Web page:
Use of the word populism has become more popular says Sylvia Stead, public editor of the Globe and Mail:
“There has certainly been a surge in references to ‘populist’ and ‘populism’ in The Globe. Ten years ago, each word had 317 mentions in the paper. Then there was a surge around Toronto mayor Rob Ford. In the past 12 months, the combined number of mentions rose to 1,310. And clearly the increase over the past year reflects a growth in both true populism and the appearance of populism.”
However, its meaning has become less clear. Public historian David Finch says: “the definition of populism is at odds with the racist, narrow minded, reactionary point of view of the minority now claiming to represent the majority.”
It used to mean something, such as grass-roots democracy or working class activism. Those movements are fundamental, not of the left or the right. The Reform Party was a grass-roots movement that was swallowed by the Conservative Party. The Co-operative Commonwealth Federation had agrarian roots before it evolved into the New Democratic Party.
So-called populist leaders have little in common except for raw ambition,.
There are the populist wannabes like Conservative leader hopeful Kellie Leitch. She tried to exploit the fear of immigrants in her pitch for Canadian Values. Some Canadians feared that immigrants would take their jobs, or end up being terrorists who would kill them in the streets. Instead of addressing those concerns by pointing out that immigrants actually create jobs and that most home-grown terrorists aren’t immigrants, she reinforced those fears. It was a thinly disguised attempt to emulate the power-grab in the U.S.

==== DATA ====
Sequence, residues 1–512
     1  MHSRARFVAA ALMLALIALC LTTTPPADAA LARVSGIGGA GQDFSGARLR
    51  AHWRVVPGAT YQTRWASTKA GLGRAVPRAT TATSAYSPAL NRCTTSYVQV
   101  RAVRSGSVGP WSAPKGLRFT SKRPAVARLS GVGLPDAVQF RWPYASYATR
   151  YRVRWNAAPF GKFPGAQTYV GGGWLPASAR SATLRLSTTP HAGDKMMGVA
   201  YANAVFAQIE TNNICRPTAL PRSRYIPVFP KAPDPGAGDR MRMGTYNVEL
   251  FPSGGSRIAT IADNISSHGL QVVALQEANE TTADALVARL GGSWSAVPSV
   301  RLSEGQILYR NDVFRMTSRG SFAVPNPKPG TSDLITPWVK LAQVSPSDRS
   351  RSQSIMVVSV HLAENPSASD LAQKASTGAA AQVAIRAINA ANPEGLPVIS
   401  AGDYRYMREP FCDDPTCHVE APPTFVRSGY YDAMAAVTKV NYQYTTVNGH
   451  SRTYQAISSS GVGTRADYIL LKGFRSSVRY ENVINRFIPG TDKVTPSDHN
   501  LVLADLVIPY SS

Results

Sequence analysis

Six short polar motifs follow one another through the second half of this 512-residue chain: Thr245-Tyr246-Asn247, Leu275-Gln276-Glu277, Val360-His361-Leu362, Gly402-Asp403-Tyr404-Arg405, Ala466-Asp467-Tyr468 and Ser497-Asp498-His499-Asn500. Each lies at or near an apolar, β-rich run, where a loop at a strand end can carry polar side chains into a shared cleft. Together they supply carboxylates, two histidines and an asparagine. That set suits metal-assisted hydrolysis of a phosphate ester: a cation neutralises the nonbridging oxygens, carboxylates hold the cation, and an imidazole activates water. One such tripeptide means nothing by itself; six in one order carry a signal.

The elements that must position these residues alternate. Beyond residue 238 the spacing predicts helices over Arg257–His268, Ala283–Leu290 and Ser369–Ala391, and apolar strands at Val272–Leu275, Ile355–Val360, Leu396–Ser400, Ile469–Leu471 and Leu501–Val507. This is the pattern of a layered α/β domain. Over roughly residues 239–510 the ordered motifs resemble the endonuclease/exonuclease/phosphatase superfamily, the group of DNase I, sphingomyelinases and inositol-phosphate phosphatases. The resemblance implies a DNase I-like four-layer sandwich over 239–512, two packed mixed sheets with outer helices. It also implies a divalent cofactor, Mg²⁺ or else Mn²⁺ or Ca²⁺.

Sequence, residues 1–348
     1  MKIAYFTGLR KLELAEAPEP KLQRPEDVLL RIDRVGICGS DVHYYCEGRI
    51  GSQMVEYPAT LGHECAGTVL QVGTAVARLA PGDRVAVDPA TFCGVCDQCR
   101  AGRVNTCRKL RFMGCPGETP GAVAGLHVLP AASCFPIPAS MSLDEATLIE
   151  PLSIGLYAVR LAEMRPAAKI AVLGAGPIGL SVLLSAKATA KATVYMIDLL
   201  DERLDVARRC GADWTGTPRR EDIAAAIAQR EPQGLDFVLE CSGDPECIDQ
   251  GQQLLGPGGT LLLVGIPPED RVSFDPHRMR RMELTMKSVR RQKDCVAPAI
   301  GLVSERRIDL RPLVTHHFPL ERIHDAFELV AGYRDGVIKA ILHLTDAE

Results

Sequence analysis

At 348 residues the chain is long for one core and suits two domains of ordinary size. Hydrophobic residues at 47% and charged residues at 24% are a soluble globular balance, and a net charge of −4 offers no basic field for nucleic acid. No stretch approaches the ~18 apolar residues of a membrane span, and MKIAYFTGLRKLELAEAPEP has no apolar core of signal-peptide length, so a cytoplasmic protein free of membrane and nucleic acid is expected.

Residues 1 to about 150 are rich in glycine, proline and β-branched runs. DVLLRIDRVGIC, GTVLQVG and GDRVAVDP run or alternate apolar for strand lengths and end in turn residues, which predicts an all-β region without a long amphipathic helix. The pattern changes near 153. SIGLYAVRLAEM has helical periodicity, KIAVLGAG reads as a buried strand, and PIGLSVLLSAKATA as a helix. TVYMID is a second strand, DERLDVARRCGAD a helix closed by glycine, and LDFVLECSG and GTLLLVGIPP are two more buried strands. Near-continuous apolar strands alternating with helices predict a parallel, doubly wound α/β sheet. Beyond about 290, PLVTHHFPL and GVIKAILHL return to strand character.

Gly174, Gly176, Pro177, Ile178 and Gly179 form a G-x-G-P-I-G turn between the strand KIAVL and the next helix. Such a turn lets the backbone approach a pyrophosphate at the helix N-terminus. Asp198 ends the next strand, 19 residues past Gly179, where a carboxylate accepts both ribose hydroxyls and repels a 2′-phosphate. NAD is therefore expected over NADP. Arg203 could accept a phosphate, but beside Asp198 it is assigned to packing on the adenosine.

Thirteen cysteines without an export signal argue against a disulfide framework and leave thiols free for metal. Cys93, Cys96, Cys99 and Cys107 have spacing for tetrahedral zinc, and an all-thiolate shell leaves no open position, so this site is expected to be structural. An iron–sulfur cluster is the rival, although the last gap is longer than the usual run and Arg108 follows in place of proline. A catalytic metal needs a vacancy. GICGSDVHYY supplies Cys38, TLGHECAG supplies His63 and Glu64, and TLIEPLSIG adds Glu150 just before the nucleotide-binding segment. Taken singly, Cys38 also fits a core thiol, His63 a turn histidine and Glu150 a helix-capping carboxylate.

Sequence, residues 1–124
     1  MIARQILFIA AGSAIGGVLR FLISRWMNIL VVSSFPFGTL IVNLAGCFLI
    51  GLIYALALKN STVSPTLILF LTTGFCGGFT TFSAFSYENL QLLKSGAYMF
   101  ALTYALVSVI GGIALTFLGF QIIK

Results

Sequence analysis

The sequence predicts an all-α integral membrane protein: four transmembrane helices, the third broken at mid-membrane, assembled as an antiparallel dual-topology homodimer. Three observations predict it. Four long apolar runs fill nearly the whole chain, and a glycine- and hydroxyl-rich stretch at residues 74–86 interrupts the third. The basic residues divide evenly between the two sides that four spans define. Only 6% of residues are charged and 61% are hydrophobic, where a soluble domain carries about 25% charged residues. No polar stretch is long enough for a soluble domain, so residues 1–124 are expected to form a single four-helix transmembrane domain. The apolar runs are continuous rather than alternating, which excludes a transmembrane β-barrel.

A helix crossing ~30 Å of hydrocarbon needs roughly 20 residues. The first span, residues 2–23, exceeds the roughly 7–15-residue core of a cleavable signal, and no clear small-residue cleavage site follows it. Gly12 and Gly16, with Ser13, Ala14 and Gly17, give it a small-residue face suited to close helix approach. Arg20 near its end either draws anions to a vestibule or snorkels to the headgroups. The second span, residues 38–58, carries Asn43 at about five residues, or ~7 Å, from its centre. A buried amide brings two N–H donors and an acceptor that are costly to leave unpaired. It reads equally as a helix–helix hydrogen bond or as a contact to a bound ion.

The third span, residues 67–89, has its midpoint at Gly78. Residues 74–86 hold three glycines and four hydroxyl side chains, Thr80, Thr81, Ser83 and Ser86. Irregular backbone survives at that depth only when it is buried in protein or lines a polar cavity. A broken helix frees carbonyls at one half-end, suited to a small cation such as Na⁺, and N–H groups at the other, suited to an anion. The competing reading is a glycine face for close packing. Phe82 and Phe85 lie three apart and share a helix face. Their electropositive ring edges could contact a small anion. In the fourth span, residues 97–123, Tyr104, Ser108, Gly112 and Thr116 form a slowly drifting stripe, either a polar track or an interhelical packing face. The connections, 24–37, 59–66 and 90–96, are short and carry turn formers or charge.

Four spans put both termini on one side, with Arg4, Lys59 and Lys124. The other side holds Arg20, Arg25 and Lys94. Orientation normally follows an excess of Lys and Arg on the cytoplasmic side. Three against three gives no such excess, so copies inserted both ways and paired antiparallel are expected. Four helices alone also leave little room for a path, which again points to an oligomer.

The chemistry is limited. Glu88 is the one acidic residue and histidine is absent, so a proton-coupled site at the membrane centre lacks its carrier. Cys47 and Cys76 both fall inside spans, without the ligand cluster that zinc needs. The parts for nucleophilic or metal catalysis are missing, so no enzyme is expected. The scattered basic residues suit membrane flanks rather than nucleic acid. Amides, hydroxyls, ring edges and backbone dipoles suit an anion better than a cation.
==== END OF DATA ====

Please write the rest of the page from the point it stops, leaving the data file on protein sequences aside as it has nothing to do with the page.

There are self-aggrandizing fools. There is no doubt that Donald Trump’s supporters represent working-class discontent. These formerly middle-class industrial workers have seen their incomes slip into the rank of the working poor. They awoke from their slumber to find that, while globalism has brought them cheap goods, it has sent their jobs elsewhere. Trump’s vitriol against Mexico and Canada resonates with them. Trump has no appreciation of the working class. He was born with a silver spoon in his mouth and has clawed his way to fortune by climbing over the backs of his constituents. Calling Trump a populist leader is an insult to the genuine concerns of his base.
There are regressive, reactionary leaders like Rodrigo Duterte, President of the Philippines. Duterte has exploited the concerns of ordinary people over deadly drugs. Duterte encourages vigilante squads to kill drug dealers. Those squads end up killing the very people who worry about drug abuse -innocent Filipinos accused, found guilty, and executed on the spot.
If not populists, what are we to call these autocratic leaders? We can certainly call them xenophobes. The vote on Brexit and the second-place showing of Marine Le Pen in France demonstrates that. Perhaps no one word will do. Instead we will have to use full sentences, even paragraphs to say what we mean.
While the meaning of populism is less clear, the fundamental concerns of the poor and working class are not. Canadians yearn for leaders who are pure of heart, not opportunists who use them as stepping stones to promote their warped ambitions.